PulseAudio Managers

Paul Smith paul at mad-scientist.us
Tue Oct 20 06:47:32 BST 2009

On Tue, 2009-10-20 at 00:39 -0400, Daniel Chen wrote:
> On Tue, Oct 20, 2009 at 12:14 AM, Paul Smith <paul at mad-scientist.us> wrote:
> > time, but this change looks like a dud to me.
> Clearly the right way to debug this is to comment out the patch in
> debian/series and see why pa_streq() is being passed crap. Anyone with
> bt hardware and valgrind up for it?
> http://launchpadlibrarian.net/32493850/Stacktrace.txt

The question is what's the point of the patch at all?  If the contents
of address are bad, what's gained by allocating memory, copying the bad
contents into it, and comparing that (then freeing the memory)?

Either the address pointer itself is pointing into bad memory, in which
case the act of sprintf'ing it into the newly allocated memory will fail
just like the strcmp does, or else the string that address points to is
"bad" in some way, in which case what's the point of making a copy of
it; the copy will just be bad the same way anyway.

Plus, unless pa_sprintf_malloc() can handle NULL pointers properly
(possible, I didn't check) this patch actually INTRODUCES a bug that
wasn't present in the original code, by not testing address for NULL
before using it.

The patch should be reverted and the bug should be reopened: this change
has no chance of solving the problem.

Looking at the stacktrace above, it seems that address is a perfectly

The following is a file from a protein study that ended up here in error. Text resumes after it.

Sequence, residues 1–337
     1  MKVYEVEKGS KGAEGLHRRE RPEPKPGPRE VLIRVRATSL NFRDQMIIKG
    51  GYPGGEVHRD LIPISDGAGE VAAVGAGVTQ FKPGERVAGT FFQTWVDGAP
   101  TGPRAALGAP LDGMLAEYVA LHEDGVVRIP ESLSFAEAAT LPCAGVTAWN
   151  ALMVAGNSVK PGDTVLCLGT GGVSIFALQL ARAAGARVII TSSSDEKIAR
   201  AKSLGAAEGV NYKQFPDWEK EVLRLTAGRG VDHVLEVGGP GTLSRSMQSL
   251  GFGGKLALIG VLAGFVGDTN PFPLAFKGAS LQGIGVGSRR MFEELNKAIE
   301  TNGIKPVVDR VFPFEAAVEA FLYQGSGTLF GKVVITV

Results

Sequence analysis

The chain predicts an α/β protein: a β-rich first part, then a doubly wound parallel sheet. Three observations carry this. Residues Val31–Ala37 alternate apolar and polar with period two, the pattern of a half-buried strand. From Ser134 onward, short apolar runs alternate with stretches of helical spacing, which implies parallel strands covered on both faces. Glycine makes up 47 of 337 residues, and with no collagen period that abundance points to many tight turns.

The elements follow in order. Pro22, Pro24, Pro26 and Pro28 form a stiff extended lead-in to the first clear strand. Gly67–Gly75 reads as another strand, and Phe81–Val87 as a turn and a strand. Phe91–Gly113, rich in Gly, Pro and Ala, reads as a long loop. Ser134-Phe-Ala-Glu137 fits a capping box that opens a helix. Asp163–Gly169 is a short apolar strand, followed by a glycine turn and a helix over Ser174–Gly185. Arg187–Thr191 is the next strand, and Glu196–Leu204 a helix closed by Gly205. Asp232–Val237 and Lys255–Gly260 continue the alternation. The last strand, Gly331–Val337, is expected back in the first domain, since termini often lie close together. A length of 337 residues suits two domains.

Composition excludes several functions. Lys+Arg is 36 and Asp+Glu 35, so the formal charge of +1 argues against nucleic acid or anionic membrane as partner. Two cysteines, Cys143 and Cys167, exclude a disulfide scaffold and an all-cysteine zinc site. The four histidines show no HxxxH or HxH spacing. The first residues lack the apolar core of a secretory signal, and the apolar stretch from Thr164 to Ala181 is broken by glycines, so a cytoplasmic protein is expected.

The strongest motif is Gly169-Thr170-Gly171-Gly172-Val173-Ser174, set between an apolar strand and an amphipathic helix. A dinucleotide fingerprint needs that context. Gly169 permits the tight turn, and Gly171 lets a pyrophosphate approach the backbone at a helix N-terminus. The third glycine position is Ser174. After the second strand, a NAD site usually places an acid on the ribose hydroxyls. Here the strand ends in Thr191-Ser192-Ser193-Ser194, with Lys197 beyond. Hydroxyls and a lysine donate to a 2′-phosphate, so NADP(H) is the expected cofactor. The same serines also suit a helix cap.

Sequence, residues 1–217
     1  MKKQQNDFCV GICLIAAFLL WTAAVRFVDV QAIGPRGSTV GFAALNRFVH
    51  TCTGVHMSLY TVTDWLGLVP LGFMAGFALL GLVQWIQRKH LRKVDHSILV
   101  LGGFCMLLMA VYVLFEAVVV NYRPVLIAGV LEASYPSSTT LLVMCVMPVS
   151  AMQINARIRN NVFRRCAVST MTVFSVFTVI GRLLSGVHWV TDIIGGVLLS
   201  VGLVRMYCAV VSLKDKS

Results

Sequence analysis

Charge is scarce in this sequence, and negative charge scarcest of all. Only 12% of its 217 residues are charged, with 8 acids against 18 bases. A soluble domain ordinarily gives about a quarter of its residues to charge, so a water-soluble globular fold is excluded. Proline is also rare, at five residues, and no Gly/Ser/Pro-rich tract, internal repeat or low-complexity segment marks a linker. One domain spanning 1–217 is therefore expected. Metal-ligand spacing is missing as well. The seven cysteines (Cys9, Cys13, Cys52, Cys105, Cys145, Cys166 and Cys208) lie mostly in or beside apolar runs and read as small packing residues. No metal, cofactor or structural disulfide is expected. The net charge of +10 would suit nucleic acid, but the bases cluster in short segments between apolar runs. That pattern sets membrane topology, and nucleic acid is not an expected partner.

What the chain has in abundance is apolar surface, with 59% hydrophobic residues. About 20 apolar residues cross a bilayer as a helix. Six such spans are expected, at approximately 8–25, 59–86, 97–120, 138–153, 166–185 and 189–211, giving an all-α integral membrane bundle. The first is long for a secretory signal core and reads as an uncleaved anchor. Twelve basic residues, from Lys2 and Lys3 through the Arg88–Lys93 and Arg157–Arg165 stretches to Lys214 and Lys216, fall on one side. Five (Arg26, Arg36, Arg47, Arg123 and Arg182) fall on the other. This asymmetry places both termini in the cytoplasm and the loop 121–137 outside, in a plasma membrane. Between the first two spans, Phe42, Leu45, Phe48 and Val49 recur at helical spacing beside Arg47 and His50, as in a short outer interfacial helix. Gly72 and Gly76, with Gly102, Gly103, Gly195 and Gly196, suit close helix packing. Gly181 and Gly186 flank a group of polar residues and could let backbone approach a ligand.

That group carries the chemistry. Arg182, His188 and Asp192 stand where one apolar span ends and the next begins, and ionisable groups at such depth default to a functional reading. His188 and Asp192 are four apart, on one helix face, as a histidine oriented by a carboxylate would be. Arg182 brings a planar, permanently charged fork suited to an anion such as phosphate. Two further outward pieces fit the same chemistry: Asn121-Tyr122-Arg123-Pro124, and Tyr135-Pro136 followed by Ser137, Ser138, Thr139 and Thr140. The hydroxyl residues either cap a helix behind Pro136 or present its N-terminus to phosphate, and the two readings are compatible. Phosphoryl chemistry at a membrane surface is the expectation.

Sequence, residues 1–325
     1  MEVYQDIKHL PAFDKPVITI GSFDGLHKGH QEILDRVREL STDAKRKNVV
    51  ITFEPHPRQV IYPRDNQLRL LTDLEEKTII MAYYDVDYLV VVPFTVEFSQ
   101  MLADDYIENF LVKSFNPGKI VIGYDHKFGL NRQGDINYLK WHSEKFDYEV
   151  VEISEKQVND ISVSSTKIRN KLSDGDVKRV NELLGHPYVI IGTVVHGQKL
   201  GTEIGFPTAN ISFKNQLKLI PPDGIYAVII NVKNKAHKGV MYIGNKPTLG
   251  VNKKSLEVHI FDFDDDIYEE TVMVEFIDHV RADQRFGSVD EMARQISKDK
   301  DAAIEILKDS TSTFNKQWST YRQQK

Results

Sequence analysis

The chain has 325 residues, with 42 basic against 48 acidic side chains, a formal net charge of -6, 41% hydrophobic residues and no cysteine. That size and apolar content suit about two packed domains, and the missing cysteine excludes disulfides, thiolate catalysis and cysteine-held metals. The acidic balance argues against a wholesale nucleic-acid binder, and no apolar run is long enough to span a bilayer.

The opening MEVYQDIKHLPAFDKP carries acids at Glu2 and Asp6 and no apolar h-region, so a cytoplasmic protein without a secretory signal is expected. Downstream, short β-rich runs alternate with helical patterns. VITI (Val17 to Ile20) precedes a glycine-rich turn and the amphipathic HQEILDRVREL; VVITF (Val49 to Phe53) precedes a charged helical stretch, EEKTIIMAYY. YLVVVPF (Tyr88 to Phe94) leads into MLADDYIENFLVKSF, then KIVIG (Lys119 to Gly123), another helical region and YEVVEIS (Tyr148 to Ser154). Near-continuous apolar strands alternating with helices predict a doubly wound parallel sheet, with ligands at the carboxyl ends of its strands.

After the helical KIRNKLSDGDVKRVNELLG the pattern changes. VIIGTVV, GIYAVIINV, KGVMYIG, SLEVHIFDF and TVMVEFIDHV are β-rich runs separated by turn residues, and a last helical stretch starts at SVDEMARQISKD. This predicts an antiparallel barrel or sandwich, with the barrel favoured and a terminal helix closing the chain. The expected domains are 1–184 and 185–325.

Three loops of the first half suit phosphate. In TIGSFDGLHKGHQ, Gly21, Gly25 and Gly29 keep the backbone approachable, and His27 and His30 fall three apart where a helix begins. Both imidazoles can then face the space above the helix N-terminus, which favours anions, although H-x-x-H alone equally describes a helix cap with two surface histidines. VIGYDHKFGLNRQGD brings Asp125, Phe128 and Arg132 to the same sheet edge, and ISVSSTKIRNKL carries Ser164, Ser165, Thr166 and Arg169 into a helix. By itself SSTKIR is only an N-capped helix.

legal pointer, pointing to the string "(null)" (not a NULL pointer!)
Maybe there was some confusion about this.  It seems that this string
was generated in the pa_hook_fire() function.  Maybe someone passed a
NULL pointer to a sprintf() variant here; on some systems (Solaris for
example) if you pass a NULL pointer to *printf() for a %s character,
rather than dumping core, it just prints a token like "(null)".
Personally I think this is a stupid idea; I'd much rather get a core
dump I can debug than have random data generated by my code with no

Since address is known to not be NULL, that must mean d->address is NULL
since that's apparently why the core dump was generated.  Since the
prior if-statement seems to ensure that d is not NULL, that means that
d->address itself is NULL.  I have no idea how/why that might happen.

If you want a change that will inhibit the core dump, changing the test

        if (address && !(pa_streq(d->address, address))) {


        if (address && d->address & !(pa_streq(d->address, address))) {

would help a lot more than the current change, as far as I can see.


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